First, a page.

1. Mr Akerley did not pass on the draft judgment and did not appreciate that in disclosing the outcome to Mr Levin and his team in this way he was violating the embargo. He puts it this way: “Due to the close, cooperative nature of Gowling and Wilson Sonsini, and having not read Mr Hervey’s covering email, I incorrectly had in mind that providing the outcome of the judgment to Mr Levin and his core team was not prohibited.” The reference to co-operation relates to the involvement of Wilson Sonsini in the global dispute with Lenovo and the fact that Mr Akerley views them as “co-counsel” with Gowling WLG.
    1. Mr Levin forwarded Mr Akerley’s email to five members of his “senior, core team” at Wilson Sonsini, repeating Mr Akerley’s warning that the information was strictly confidential to the senior people working on InterDigital matters. All of this took place on the Friday.
    1. We know all of this because it was disclosed to us by Gowling WLG and InterDigital. On Tuesday 17 January 2023, before the judgment was due to be handed down, we received a letter from the firm accompanied by a witness statement of Ms Brodie and a letter from Mr Akerley. Ms Brodie’s statement explained that on the evening of Sunday 15 January Mr Levin sent her a message in these terms, “By the way, Steve told me about the trial A appeal decision (noting the sensitivity). Congrats!”. On reading this Ms Brodie replied immediately to say “Thank you but unfortunately that is a breach of the embargo. Who else did he tell?” They spoke soon after. Ms Brodie also spoke to Mr Akerley to make clear that he should not tell anyone else.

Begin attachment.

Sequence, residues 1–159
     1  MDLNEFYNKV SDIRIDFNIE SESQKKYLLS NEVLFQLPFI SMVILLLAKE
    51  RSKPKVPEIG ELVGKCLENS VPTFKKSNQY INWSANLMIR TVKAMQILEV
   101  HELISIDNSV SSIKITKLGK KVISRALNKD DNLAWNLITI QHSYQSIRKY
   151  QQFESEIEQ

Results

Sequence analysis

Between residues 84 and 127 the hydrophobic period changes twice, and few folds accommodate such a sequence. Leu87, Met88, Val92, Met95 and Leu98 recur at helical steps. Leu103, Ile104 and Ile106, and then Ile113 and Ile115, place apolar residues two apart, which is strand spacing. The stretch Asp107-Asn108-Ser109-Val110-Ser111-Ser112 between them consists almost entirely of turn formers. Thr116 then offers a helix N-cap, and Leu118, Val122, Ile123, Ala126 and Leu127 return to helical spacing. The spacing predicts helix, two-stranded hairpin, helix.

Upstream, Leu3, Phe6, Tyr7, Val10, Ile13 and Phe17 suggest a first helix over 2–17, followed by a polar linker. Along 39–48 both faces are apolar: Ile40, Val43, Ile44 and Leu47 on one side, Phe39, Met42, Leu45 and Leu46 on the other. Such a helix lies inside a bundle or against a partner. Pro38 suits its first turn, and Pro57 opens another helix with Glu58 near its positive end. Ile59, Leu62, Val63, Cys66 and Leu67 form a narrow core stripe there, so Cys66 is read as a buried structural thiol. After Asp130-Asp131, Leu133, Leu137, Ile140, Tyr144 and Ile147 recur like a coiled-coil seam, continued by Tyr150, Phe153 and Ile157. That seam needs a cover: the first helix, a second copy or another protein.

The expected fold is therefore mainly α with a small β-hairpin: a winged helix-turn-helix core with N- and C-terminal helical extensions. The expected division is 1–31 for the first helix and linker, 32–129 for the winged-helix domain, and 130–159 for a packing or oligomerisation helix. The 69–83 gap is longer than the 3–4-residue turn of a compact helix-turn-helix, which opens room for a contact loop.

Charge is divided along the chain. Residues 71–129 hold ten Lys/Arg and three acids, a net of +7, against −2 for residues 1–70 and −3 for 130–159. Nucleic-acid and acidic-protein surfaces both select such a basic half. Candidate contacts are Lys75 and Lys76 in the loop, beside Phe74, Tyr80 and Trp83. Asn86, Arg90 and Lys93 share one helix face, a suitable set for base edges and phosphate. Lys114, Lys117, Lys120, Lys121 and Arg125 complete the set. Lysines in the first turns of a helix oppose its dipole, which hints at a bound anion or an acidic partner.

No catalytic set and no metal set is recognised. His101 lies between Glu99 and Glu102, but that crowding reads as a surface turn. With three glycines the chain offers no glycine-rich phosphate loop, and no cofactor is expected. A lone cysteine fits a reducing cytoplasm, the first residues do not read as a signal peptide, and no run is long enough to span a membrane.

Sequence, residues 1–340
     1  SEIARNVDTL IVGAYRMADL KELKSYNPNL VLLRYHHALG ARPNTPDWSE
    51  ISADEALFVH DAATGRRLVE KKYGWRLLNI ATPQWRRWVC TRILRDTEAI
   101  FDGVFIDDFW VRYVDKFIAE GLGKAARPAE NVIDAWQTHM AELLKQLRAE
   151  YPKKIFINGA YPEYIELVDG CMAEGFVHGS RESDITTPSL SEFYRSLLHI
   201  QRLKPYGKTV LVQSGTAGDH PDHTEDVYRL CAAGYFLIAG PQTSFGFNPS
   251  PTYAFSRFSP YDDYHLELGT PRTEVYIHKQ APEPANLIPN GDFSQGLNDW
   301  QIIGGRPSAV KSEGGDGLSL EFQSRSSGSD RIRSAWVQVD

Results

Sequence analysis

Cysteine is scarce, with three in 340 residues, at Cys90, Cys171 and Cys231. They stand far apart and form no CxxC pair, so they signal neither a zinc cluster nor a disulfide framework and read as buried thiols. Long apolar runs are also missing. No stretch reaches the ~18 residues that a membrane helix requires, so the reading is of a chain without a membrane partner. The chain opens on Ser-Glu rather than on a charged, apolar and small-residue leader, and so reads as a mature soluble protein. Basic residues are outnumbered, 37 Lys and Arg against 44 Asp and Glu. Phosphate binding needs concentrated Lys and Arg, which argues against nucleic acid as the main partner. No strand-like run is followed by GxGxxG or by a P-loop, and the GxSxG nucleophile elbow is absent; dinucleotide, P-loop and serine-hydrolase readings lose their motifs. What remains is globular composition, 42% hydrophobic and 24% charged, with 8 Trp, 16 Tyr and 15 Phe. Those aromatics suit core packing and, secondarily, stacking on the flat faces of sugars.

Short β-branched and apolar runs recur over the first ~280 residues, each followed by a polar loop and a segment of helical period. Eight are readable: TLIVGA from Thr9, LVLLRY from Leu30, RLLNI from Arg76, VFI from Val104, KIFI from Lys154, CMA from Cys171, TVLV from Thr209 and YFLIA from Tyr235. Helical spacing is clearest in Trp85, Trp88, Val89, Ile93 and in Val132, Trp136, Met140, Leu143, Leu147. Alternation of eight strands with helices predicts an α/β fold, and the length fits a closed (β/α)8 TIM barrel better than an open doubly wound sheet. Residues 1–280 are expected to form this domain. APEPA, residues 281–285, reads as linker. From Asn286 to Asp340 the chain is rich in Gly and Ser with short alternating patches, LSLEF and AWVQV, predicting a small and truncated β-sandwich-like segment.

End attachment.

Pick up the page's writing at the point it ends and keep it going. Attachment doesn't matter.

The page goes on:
1. Over the following 24 hours Ms Brodie unearthed the facts we have set out above and secured confirmation that none of the six people at Wilson Sonsini to whom the information had been disclosed had passed it on to anyone else. This process took longer than it might have done because Monday 16 January 2023 was a public holiday in the USA. Mr Akerley’s letter confirms his role. It ends with an admission that he improperly informed US counsel of the outcome of the embargoed judgment, an unreserved acceptance of responsibility, and an apology. On 23 January 2023, at our request, Mr Akerley confirmed all of this in a witness statement.
    1. In the meantime, on 19 January 2023, our judgment dismissing the appeal was formally handed down: [2023] EWCA Civ 34.
    1. Lenovo has been provided with all of the above material. It has not sought to make any representations on the issue. But this is a matter that concerns the court itself.
    1. The legitimacy of the embargo and the importance of adhering to it were both re-emphasised in R (Counsel General for Wales) v Secretary of State for Business, Energy and Industrial Strategy [2022] EWCA Civ 181 [2022] 1 WLR 1915 where Sir Geoffrey Vos MR said this (at [30]):
“CPR PD40E exists for good reasons. The consequences of a breach of the embargo can be serious. It is not possible to generalise about the possible consequences as judgments will range, for example, from dealing with highly personal information in some cases to price-sensitive information in others. The court is rightly concerned to ensure that its judgments are only released into the public domain at an appropriate juncture and in an appropriate manner.”